Publication Date

September 1, 1997

Conservative journals and lawmakers tried to open a new front in the attack on history with a renewed charge that the Smithsonian Institution is "falling prisoner to politically correct interpretations of American history."

The latest round of controversy was prompted by a lengthy article in the May issue of The New Criterion, which maintains that “the staples of cutting edge ‘academic’ research-smirking irony, cultural relativism, celebration of putative victims, facile attacks on science-are all thriving in America’s premier museum and research complex.”

The article, "Revisionist Lust: The Smithsonian Today," by Heather MacDonald, offers wide-ranging criticism about warning labels on dioramas in the Museum of Natural History (which caution about racism, sexism, and anthropocentrism) i a "specific agenda … that is against whites"; exhibit themes and scripts dedicated to "the cynical debunking of core American beliefs"; and even the increased use of computers in exhibits.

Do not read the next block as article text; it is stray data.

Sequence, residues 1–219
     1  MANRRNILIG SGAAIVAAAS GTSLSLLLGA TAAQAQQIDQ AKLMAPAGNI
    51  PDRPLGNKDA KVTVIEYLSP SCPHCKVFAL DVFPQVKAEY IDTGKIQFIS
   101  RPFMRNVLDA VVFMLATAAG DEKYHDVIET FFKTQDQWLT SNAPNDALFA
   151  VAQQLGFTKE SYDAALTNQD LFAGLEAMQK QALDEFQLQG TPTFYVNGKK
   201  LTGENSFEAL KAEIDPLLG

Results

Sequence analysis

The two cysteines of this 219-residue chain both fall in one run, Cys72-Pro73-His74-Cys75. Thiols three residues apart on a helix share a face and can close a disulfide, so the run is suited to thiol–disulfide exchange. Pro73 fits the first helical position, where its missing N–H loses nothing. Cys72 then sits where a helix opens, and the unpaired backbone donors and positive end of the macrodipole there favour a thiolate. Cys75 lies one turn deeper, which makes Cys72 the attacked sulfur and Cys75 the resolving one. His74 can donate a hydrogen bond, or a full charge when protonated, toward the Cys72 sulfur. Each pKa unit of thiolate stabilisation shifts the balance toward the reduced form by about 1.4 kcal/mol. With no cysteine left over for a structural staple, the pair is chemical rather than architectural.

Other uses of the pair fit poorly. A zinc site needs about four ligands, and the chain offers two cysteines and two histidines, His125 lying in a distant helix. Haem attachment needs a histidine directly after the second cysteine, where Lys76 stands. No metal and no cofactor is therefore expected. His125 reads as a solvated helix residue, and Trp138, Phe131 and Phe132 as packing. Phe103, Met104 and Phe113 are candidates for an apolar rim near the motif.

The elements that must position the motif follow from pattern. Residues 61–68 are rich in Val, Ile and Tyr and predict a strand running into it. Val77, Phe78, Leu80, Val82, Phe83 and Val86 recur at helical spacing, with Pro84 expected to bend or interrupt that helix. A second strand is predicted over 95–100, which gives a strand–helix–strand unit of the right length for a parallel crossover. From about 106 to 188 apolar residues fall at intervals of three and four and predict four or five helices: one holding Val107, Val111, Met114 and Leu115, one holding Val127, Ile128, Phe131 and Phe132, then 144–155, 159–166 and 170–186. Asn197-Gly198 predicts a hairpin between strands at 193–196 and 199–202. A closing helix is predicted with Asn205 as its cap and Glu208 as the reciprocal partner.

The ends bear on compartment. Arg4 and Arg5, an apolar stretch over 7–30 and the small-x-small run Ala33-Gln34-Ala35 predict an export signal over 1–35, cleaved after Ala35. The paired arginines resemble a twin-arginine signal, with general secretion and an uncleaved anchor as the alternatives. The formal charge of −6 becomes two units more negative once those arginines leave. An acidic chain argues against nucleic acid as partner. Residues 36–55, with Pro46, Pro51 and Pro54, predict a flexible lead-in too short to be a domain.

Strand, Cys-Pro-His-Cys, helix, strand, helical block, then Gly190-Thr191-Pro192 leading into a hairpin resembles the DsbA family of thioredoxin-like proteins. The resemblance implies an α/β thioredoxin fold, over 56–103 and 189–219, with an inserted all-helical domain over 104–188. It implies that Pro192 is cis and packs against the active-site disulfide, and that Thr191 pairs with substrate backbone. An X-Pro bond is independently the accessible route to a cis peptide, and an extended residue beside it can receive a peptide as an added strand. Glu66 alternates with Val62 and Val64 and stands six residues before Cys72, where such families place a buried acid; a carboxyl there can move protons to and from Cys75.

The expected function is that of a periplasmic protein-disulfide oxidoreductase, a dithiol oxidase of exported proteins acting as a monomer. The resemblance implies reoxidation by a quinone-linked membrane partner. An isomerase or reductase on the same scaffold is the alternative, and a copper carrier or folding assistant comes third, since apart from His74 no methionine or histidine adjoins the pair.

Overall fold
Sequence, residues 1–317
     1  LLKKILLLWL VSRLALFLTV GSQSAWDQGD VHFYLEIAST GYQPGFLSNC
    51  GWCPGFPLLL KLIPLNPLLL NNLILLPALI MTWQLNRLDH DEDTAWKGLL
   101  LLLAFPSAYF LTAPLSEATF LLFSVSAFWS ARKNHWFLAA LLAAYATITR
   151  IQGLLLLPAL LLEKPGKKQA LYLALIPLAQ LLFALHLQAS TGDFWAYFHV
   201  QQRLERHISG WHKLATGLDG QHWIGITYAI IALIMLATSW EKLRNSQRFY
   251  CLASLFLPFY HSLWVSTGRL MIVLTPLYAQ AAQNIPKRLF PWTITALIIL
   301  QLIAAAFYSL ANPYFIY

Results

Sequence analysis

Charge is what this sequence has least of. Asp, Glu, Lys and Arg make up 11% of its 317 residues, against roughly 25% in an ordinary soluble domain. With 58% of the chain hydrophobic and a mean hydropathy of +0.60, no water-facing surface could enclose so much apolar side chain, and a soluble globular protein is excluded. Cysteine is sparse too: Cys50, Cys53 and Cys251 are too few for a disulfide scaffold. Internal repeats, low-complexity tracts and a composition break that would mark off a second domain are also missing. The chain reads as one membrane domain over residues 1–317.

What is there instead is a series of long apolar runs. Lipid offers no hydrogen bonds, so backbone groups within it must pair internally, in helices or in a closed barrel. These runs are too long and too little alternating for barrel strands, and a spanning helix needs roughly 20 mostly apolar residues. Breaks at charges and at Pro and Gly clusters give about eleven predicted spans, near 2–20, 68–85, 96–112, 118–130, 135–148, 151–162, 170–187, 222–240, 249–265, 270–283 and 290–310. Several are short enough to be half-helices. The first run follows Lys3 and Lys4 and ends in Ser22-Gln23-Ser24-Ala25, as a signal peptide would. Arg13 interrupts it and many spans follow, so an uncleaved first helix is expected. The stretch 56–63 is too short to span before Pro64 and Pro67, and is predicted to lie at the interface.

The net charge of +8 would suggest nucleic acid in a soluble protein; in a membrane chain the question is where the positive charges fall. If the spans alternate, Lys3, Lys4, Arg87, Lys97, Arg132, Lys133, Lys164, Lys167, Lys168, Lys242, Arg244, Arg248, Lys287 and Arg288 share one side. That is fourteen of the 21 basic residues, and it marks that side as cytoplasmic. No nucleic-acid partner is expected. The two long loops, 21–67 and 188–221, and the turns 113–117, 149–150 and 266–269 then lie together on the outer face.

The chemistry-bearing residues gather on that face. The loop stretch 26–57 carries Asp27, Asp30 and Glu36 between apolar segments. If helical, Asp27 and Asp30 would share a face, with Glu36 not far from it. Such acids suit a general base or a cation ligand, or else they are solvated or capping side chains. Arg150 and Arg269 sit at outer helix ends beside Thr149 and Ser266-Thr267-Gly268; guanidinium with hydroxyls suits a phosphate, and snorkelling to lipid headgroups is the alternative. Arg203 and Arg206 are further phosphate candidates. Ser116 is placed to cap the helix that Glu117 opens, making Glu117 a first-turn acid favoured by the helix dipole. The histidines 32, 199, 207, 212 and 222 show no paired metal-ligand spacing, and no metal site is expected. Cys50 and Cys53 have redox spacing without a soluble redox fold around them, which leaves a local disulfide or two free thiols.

Prompted by the article, Senator Spencer Abraham (R-MJ) sought support from fellow lawmakers to force Smithsonian Secretary 1. Michael Heyman to "detail the way in which he is re-establishing and maintaining standards of excellence … consistent with the long-standing principles of our nation." According to the Washington Times, by mid-June, Abraham had received support from eight other lawmakers.

Heyman responded with a two-page statement that dismissed the article, charging that "it is possible to find everything wrong and nothing right if you decide to use only examples that support your thesis and ignore overwhelming contrary evidence …. By focusing on no more that one-tenth of one percent of the exhibitions … [MacDonald] has created a mythical reality."

As of this writing, Heyman's response appeared to defuse the controversy, and no further action against the Smithsonian seemed imminent. Repeated calls to Abraham's office elicited no response.

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